Sustainable investing is an investment discipline that considers environmental, social and corporate governance (ESG) criteria to generate long-term competitive financial returns and positive societal impact. – The Forum for Sustainable and Responsible Investment.
Sustainable investing has undeniably captured the imagination – and dollars – of many investors. The U.S. total of sustainable investing strategies, which includes ESG factors, reached $17 trillion of professionally managed assets by the end of 2019, a 42% increase since 2018 according to the U.S. SIF Foundation (The Forum for Sustainable and Responsible Investment). They account for 33% of the $51.4 trillion in total U.S. assets under professional management. Pretty incredible.
I began analyzing this phenomenon several years ago, and it raised a number of questions. When did this start? Why is it attracting such attention? What is the expectation, and does it deliver? What challenges does it face? Here’s what I found out.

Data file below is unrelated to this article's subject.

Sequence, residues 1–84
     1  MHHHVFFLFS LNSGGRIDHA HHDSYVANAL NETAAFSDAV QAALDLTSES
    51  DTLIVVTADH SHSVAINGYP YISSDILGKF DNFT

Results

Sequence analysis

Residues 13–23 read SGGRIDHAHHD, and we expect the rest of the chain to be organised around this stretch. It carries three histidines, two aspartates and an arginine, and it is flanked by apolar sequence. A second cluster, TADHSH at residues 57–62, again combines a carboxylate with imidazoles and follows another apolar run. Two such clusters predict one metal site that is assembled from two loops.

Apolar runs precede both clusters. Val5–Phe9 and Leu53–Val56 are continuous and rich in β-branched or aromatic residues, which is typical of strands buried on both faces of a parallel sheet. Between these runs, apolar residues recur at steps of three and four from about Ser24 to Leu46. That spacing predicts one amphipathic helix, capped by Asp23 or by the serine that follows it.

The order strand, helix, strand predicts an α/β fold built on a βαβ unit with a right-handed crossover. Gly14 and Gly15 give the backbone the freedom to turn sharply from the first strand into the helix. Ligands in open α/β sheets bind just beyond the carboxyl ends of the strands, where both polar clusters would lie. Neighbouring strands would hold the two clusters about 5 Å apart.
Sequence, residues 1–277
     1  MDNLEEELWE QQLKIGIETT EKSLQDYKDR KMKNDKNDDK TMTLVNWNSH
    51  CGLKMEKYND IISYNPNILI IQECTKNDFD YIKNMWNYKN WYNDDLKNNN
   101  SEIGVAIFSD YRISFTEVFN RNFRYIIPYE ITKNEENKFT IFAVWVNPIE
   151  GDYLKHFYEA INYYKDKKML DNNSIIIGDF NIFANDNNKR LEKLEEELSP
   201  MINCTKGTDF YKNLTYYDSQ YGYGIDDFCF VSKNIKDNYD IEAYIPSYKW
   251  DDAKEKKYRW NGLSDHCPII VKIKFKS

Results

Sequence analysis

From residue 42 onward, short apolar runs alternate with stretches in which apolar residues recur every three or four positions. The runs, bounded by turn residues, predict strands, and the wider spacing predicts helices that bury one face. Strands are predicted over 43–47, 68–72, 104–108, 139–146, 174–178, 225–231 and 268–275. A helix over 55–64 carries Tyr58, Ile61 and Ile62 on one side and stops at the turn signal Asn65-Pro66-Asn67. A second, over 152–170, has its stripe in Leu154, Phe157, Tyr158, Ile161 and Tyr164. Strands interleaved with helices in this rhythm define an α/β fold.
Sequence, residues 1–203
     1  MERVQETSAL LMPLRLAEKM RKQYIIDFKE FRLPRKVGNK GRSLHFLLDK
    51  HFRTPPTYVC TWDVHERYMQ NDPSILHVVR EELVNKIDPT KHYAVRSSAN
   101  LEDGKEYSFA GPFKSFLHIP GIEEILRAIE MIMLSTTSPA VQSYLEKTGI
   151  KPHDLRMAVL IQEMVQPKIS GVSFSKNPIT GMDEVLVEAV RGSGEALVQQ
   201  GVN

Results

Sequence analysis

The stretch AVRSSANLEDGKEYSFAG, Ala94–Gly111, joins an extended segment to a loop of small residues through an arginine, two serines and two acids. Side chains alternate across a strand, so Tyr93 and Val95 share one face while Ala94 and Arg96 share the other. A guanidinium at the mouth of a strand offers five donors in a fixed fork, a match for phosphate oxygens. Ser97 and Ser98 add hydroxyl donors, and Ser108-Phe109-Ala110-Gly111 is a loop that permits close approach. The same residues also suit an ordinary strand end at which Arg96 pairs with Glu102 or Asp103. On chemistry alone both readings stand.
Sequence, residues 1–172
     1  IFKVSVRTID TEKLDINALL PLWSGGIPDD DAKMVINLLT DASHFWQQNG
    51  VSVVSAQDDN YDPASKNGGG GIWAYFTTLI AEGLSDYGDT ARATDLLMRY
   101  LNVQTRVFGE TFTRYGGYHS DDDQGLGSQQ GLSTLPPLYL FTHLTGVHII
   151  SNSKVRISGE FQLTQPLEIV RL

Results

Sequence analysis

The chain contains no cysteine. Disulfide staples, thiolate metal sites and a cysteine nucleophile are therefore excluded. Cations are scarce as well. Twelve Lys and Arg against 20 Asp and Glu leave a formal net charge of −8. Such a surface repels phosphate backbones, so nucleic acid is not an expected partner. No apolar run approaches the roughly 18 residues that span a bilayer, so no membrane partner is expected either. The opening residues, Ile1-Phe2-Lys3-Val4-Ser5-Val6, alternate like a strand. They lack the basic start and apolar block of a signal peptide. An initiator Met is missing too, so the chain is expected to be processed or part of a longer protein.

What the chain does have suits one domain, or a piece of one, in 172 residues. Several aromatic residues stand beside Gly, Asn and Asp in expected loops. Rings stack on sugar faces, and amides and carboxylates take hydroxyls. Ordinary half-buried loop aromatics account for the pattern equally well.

An Overnight Wonder?
Sustainable investing might seem like something new by media standards, but it’s been around for decades. Pax World launched the first sustainable investing mutual fund in 1971 – yes, 50 years ago! Clearly Pax was ahead of others via a mutual fund option, and its work preceded the development of Environmental, Social and Governance (ESG) factors as they are known today.